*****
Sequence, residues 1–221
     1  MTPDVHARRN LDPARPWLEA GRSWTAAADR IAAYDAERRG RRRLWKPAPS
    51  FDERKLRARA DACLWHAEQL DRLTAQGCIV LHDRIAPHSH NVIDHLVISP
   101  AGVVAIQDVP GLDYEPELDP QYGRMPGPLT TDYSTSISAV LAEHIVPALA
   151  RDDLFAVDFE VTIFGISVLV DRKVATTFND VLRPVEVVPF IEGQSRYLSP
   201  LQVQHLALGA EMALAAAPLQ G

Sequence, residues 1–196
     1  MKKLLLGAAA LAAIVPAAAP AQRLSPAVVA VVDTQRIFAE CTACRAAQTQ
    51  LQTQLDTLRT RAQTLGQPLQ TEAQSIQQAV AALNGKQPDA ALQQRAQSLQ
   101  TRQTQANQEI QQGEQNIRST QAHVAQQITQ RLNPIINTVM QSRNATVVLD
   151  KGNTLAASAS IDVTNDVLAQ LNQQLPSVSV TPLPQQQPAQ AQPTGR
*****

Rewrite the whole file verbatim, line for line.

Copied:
Sequence, residues 1–221
     1  MTPDVHARRN LDPARPWLEA GRSWTAAADR IAAYDAERRG RRRLWKPAPS
    51  FDERKLRARA DACLWHAEQL DRLTAQGCIV LHDRIAPHSH NVIDHLVISP
   101  AGVVAIQDVP GLDYEPELDP QYGRMPGPLT TDYSTSISAV LAEHIVPALA
   151  RDDLFAVDFE VTIFGISVLV DRKVATTFND VLRPVEVVPF IEGQSRYLSP
   201  LQVQHLALGA EMALAAAPLQ G

Sequence, residues 1–196
     1  MKKLLLGAAA LAAIVPAAAP AQRLSPAVVA VVDTQRIFAE CTACRAAQTQ
    51  LQTQLDTLRT RAQTLGQPLQ TEAQSIQQAV AALNGKQPDA ALQQRAQSLQ
   101  TRQTQANQEI QQGEQNIRST QAHVAQQITQ RLNPIINTVM QSRNATVVLD
   151  KGNTLAASAS IDVTNDVLAQ LNQQLPSVSV TPLPQQQPAQ AQPTGR